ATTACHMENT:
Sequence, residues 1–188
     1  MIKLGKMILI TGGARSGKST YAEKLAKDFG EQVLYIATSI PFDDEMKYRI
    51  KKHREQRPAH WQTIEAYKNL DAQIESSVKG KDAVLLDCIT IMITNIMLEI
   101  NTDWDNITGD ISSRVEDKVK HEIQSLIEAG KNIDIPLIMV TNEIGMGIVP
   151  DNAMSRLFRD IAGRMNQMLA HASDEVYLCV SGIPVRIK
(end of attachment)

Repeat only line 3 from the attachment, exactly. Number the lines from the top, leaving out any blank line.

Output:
    51  KKHREQRPAH WQTIEAYKNL DAQIESSVKG KDAVLLDCIT IMITNIMLEI